THAAD rising? The U.S. and South Korea are to begin talks on standing up a contentious missile defense system on the peninsula after North Korea’s apparently successful launch of a three-stage rocket Saturday evening at 7:29 p.m. EST. “At no time was the missile a threat to North America,” NORAD/NORTHCOM officials said in a statement shortly afterward. But the newly-orbiting surveillance satellite did pass right over Levi’s Stadium in Santa Clara, Calif., about an hour after the Super Bowl ended, the Associated Press reports. No reports on who Pyongyang was rooting for in the big game. But Washington, and now Seoul, are reportedly very much rooting for the deployment of the Terminal High Altitude Area Defense system, or THAAD, “at the earliest possible date,” officials told Reuters. For months, Seoul had been dragging its feet on requests to bust out the THAAD for fear of how Beijing might react to a system that would be able to scan territory that includes the Chinese mainland. Now that hesitation could be coming to an end—but Beijing’s objections have not.
Here’s a handy pocket guide to how U.S. missile defense works, from a few months back via the good folks at the Council on Foreign Relations.
A bit more on the North’s launch and its implications for regional security: “In 2012, after the North’s last long-range test, it announced it had put a communications satellite in space. No signal, however, has ever been detected from the device. That ‘satellite,’ and the one launched this week, are about the same weight as a nuclear warhead, and that was the point of these elaborate exercises,” writes The Daily Beast.
“The rocket the North Koreans call the Unha-3 was probably the most advanced version of their Taepodong missile… The Taepodong is still an easy target before launch, but once it reaches the edge of space it becomes fearsome. It has the range to make a dent in more than half of the continental United States. If its warhead is nuclear and explodes high above the American homeland, an electromagnetic pulse could disable electronics across vast swatches of the country.”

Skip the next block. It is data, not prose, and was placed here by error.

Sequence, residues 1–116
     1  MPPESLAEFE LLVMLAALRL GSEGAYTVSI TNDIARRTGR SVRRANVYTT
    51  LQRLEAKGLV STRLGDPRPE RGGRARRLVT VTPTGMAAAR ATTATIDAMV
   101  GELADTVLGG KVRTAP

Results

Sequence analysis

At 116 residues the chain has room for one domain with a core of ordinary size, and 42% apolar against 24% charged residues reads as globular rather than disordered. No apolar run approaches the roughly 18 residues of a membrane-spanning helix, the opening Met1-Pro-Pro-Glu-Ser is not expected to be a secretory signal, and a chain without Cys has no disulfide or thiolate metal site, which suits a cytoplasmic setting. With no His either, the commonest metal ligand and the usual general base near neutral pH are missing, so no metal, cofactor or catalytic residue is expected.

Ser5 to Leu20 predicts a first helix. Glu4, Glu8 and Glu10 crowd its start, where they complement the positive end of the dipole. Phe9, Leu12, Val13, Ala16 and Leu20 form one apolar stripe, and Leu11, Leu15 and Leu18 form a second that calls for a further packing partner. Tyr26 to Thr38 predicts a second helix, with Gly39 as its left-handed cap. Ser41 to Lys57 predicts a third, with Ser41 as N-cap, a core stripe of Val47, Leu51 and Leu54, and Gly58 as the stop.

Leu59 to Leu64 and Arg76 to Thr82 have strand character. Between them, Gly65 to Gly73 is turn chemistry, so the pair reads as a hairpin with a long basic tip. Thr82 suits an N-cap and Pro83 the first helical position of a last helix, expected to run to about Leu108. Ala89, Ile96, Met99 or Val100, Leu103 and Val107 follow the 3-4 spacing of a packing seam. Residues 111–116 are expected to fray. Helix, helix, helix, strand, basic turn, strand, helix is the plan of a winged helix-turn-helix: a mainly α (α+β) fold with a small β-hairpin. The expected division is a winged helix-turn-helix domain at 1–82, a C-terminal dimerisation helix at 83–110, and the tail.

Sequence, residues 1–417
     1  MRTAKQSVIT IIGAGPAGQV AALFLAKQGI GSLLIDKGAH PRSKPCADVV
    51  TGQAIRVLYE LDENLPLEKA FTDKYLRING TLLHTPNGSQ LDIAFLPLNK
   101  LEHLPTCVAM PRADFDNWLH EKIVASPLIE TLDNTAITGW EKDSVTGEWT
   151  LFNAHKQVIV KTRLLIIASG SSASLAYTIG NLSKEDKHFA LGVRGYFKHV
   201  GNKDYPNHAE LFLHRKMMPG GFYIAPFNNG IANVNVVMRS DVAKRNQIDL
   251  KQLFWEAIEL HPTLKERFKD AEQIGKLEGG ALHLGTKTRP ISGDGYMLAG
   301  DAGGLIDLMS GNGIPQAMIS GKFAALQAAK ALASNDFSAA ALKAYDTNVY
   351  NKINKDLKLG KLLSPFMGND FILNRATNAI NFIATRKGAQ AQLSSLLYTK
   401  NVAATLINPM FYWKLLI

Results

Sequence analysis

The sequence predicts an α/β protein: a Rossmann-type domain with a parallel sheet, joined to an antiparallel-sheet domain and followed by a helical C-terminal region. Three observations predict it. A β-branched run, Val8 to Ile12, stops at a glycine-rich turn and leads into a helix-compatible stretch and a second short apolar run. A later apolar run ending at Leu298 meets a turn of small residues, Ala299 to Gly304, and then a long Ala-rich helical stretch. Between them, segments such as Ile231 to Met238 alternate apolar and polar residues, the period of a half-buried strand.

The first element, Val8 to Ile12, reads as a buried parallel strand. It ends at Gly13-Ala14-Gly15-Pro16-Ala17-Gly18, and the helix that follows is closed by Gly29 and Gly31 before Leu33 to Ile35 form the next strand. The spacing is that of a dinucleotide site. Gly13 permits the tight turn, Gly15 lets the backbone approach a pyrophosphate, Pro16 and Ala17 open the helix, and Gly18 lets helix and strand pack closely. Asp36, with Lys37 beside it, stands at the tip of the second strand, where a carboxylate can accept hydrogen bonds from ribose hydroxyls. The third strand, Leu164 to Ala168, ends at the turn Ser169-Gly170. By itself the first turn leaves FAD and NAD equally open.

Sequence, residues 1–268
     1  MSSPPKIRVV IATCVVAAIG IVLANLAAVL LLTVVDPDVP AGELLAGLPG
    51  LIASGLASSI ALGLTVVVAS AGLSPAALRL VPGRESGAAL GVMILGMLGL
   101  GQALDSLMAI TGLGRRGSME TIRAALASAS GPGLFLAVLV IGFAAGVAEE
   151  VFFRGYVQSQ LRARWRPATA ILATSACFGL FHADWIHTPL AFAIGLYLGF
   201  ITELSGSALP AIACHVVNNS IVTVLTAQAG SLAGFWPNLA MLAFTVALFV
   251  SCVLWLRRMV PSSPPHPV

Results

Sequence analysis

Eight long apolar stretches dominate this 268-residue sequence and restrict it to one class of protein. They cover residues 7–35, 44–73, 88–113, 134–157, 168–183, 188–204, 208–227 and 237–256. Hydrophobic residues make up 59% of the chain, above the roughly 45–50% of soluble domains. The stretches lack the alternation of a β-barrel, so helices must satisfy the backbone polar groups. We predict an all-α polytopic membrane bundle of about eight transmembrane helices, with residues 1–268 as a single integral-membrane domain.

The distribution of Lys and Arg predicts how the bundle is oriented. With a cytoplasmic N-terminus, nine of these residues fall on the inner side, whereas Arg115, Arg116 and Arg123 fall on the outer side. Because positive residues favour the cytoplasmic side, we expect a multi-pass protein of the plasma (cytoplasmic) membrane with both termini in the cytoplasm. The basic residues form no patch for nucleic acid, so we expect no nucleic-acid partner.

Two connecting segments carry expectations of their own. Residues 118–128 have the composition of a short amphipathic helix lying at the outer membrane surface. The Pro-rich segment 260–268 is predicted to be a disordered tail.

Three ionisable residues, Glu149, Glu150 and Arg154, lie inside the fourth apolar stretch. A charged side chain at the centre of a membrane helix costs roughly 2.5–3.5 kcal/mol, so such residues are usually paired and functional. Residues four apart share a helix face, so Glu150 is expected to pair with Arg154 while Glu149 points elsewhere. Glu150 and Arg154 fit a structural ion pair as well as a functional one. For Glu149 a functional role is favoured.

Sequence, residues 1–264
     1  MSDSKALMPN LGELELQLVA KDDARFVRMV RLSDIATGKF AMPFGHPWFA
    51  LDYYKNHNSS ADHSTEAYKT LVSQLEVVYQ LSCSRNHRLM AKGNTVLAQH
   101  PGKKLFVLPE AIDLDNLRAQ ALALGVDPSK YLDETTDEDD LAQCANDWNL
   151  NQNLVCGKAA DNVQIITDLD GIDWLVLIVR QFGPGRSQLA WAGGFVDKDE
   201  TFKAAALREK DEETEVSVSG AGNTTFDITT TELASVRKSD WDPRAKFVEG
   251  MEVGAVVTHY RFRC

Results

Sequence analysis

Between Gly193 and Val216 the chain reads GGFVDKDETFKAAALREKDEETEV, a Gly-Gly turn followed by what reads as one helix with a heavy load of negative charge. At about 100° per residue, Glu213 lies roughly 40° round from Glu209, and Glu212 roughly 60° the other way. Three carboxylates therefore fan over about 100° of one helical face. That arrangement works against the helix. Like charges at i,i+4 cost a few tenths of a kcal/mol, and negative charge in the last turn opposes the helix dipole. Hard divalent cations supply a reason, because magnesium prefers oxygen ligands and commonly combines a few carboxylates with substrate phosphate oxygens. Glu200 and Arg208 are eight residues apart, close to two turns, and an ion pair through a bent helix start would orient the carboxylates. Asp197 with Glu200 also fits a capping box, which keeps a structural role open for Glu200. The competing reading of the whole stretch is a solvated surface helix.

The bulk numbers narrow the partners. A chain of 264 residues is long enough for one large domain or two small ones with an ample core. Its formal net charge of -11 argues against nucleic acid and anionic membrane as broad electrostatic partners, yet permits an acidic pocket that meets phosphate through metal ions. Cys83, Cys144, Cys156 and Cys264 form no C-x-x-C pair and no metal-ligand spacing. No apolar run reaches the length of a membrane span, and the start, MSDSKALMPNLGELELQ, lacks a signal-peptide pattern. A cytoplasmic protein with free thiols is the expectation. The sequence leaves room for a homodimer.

The bottom line presently: “The American intelligence community does not think the North Koreans have built a miniaturized nuclear warhead to go along with the Taepodong yet, but it’s clear they are on their way to developing such a device. The launch this week was one month and one day after their fourth nuclear detonation. Pyongyang, for all the snickering and derision it attracts, is capable of sneaking up on us and becoming an existential threat.” Read the rest, here.
Syria’s rebels are on the verge of collapse. That after this weekend’s offensive by Russian, Iranian and Syrian troops to all but surround the strategic northern city of Aleppo. The goal is to blockade the town and solidify the growing turf gains in recent days from Damascus and its allies—which is casting a big shadow over the peace process now slated to resume in late February.
Some 20,000 more refugees have flocked to Syria’s border with Turkey since Friday—bringing total to roughly 35,000 as of Monday morning—while Russia/Iran/Syria pushed north and Nusra Front flooded Aleppo this weekend with a convoy of some 100 trucks to gird for the fight.
Nearly three-dozen militant groups from around the world have pledged allegiance to ISIS and more are expected in 2016, UN Chief Ban Ki-Moon said this weekend.
For your eyes only: Watch French jets take off from the Charles de Gaulle carrier to strike ISIS. That via the BBC. More on the ISIS fight below the fold.